US senator Bernie Sanders has announced that he will make a second attempt at winning the Democratic Party presidential nomination next year.
Sanders, who is an independent who caucuses with the Democrats, became a political favourite when he lost his bid for the party's nomination in 2016 to former first lady Hillary Clinton.
Making the announcement over public radio in his constituent state of Vermont, the 77-year-old senator said: "We began the political revolution in the 2016 campaign, and now it's time to move that revolution forward."
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Early polls have suggested he is far ahead of other candidates who have announced or are suspected to bid for the Democratic spot, according to the BBC.
Sanders is an outspoken critic of US President Donald Trump, calling him "an embarrassment to our country", "a pathological liar" and "a racist" in his announcement today.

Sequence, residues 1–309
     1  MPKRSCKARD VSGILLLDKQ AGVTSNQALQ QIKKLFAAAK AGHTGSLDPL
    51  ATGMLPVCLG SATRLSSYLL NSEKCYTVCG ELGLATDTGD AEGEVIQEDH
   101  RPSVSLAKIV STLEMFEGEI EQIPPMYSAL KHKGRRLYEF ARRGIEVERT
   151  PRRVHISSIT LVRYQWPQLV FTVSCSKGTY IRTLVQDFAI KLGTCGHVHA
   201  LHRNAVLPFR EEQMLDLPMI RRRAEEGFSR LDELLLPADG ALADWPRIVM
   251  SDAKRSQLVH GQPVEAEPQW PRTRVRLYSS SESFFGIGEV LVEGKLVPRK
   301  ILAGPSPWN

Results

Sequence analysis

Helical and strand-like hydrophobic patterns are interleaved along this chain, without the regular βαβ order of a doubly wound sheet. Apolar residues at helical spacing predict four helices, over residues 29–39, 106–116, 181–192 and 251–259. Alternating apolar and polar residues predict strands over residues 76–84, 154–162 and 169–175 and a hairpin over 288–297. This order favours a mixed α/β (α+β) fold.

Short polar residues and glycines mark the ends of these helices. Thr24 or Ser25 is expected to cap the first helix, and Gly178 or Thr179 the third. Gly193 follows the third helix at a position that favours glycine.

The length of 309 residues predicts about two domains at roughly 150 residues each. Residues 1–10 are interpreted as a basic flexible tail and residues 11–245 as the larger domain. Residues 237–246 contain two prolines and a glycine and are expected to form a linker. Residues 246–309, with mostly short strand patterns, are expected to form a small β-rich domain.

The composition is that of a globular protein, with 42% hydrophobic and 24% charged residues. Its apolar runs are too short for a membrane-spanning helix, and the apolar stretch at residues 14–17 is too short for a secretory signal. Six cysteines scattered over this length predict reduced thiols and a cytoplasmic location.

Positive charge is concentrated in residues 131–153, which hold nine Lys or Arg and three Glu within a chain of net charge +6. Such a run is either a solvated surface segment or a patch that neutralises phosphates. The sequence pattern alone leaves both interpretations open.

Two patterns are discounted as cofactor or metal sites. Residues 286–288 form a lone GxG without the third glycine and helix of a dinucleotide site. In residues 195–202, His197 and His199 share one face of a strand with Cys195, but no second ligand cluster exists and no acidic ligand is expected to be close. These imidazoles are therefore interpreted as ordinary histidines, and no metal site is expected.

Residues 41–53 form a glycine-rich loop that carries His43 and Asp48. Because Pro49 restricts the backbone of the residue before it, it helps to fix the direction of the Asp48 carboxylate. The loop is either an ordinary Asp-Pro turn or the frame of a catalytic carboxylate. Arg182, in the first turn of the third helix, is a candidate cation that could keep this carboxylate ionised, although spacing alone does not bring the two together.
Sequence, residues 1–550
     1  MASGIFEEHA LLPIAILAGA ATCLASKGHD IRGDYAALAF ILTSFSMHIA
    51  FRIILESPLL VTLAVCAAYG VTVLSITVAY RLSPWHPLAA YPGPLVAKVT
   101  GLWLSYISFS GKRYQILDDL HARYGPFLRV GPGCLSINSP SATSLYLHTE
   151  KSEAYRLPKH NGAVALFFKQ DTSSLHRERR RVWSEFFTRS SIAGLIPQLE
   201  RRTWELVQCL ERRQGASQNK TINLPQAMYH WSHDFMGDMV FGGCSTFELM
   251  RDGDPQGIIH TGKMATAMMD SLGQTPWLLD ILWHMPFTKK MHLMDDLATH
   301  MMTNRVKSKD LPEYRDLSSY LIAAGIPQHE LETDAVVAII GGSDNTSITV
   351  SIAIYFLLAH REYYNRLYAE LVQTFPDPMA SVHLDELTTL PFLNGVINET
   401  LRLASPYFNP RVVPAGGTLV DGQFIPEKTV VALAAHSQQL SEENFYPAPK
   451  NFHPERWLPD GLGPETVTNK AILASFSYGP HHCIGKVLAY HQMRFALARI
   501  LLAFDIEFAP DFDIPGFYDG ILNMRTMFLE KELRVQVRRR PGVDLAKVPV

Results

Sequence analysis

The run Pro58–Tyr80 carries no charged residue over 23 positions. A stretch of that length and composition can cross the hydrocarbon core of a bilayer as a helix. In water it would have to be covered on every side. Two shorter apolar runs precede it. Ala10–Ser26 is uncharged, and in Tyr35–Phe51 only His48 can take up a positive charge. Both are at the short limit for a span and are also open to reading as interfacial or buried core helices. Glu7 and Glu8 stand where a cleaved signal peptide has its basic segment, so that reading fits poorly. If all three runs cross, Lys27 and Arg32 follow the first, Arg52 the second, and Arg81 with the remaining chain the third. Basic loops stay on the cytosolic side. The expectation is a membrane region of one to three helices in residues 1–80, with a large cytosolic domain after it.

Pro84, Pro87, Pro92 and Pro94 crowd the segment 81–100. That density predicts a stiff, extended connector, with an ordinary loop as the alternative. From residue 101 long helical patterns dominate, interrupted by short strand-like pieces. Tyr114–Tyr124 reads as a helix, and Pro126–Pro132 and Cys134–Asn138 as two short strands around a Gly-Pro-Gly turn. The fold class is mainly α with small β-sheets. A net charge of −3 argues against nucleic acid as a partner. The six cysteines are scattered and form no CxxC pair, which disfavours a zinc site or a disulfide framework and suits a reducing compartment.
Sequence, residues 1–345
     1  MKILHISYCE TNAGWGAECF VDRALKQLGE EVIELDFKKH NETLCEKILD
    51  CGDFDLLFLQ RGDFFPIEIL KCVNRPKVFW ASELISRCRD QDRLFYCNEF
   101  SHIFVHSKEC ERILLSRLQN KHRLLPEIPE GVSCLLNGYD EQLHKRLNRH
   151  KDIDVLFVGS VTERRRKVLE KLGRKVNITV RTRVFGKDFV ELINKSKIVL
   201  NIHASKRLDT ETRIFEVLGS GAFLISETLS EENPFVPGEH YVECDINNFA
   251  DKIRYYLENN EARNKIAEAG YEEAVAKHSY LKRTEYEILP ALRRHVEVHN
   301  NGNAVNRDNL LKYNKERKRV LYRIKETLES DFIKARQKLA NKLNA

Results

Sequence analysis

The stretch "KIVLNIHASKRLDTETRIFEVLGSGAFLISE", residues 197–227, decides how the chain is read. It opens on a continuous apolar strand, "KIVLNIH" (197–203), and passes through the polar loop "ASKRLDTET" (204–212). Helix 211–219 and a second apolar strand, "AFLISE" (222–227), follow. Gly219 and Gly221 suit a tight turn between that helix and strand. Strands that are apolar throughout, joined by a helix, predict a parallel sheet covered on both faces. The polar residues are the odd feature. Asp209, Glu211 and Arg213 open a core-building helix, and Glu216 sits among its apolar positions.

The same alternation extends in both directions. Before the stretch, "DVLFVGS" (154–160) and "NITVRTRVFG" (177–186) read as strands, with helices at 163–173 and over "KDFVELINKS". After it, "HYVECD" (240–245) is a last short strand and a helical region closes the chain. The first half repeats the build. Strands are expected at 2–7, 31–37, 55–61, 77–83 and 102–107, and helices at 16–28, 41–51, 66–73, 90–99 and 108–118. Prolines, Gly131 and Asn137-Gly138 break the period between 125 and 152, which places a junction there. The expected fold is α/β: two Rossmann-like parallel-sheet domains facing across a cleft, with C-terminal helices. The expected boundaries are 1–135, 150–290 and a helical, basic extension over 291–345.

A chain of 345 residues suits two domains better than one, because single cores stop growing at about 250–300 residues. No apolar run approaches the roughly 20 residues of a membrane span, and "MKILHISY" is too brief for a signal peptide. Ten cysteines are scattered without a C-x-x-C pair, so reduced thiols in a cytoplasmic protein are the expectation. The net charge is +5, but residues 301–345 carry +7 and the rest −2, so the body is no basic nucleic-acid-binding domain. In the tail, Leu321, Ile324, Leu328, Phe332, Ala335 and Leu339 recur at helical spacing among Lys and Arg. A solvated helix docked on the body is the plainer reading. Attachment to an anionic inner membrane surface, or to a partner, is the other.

The senator previously won support from Democrats over his calls for a universal healthcare system provided by the state, as well as a $15 minimum wage and free college tuition.
He was particularly popular among young voters, who racked up millions of dollars in small donations to his campaign in 2016.
Other candidates who have announced bids so far include Elizabeth Warren, Kamala Harris, Cory Booker, Amy Klobuchar and Julian Castro. Next year's primary will be the first time in US history that more than one woman has contested for the Democratic nomination.
Sanders was first elected to the US House in 1990, and won a seat in the Senate in 2007. Prior to his last presidential bid, he was best known for speaking for eight and a half hours in order to prevent the extension of tax policies in 2010 which he believed worsened the US' income gap.